New research led by the University of Oxford indicates that human domestication of crops can alter the communities of microorganisms that are associated with plants. Intriguingly, independent domestication events were found to have similar impacts on the plant microbiome. The results have been published today in Current Biology.
Lead researcher Dr Riccardo Soldan (Department of Biology, University of Oxford) said: ‘Our study provides evidence that regardless of where and how domestication took place, domesticated plants have microbial communities that distinguish them from their wild counterparts. This knowledge is important because if we know that a certain domesticated crop species consistently associates with specific microbes, one day we might be able to engineer these communities to deliver positive effects to the host plant.’
As microorganisms can have numerous beneficial effects on host plants such as enhancing growth, stress tolerance, and drought or disease resistance, these findings could ultimately help inform microbe-based approaches to improve crop yields and food security. For instance, previous work by the research team suggests that domestication may have reduced the ability of crop plants to recruit microorganisms that enhance disease resistance.
In the new study, the researchers analysed the microbial communities associated with two crop species that are known to have been domesticated independently multiple times in Mesoamerica and South America: Phaseolus vulgaris (common bean) and Phaseolus lunatus (lima bean). This meant they had a series of replicates for an event that lasted thousands of years.
As the researchers wanted to understand whether any changes in the microbiome were linked to plant traits that were subject to selection by humans during domestication, they focused on microbes associated with seeds. In seed crops, such as beans, seeds have undergone significant changes during domestication. For example, domesticated bean seeds are significantly larger compared with their wild relatives and have different mineral contents (linked to improved seed quality and cooking properties).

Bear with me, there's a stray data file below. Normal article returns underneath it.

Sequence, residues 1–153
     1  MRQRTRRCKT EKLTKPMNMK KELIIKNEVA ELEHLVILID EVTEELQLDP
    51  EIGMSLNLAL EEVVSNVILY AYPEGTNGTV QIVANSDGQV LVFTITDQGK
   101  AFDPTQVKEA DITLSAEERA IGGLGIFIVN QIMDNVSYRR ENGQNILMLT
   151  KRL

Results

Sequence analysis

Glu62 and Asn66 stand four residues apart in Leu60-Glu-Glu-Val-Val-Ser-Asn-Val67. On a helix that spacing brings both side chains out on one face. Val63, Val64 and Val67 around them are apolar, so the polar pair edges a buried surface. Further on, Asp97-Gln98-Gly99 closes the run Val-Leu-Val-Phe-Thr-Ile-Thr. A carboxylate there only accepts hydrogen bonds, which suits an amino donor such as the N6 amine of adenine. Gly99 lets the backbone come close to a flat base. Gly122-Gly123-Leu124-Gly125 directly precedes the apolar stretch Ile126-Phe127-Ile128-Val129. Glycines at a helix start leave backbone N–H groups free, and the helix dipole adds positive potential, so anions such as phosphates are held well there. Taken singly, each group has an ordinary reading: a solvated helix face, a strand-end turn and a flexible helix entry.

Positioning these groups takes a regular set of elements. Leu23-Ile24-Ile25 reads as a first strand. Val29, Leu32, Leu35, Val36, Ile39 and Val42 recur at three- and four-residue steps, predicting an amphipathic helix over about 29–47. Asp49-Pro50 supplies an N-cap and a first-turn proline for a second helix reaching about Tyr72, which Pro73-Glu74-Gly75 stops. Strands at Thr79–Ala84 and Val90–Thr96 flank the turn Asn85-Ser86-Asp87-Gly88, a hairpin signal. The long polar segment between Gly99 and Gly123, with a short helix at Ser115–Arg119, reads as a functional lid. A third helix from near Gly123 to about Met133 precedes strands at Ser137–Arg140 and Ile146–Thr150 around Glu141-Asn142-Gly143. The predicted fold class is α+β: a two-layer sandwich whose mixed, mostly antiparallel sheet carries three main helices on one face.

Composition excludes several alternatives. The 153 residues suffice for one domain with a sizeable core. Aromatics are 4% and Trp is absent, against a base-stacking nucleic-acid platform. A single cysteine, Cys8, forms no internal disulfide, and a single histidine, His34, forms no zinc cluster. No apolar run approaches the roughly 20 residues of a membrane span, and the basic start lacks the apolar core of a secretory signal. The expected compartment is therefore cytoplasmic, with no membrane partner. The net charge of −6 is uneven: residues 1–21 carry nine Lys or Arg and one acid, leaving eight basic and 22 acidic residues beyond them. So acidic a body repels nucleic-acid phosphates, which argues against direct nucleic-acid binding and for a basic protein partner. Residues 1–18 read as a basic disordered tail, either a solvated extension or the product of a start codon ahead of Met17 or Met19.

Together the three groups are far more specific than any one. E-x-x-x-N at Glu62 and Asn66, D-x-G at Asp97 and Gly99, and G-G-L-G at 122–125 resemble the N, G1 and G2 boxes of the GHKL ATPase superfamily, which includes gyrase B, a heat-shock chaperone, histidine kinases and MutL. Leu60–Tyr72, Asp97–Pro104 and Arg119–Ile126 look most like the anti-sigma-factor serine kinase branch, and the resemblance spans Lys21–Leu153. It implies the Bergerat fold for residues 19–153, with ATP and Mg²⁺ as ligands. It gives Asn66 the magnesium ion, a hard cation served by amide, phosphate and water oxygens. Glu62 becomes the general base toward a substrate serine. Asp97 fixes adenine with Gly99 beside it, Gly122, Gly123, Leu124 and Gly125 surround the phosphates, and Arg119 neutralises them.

Using statistical and machine learning approaches, the researchers found significant differences in the composition of the microbial communities associated with beans from the wild and domesticated plants.
Furthermore, these changes in microbiome abundance and composition correlated with changes in seed mineral content across multiple domestication events. In particular, reduced calcium concentrations in domesticated P. vulgaris seeds, which may have been selected for as a consequence of selection for improved cooking properties, showed a notable correlation with changes in microbiome composition.
The principal investigator, Professor Gail Preston (Department of Biology, University of Oxford) commented: ‘Our results provide evidence that the similarities in the microbial communities of independently domesticated plants can be partially explained by the fact that domesticated plants have closely matched plant traits.
“In this case, independent domestication processes selecting for bigger and better seeds in two different regions of the Americas shaped the seed microbiome in similar ways. Understanding the factors that shape microbial communities in wild and domesticated plants could open up exciting opportunities to modify the composition of domesticated crop microbiomes to increase resilience and improve productivity.’
In future work, the research team intend to investigate the effect of domestication on other plant traits and for a wider range of crop species. A key question is whether there are beneficial traits present in wild species which act to recruit a diverse and health-promoting microbiome that could be reintroduced into domesticated crops.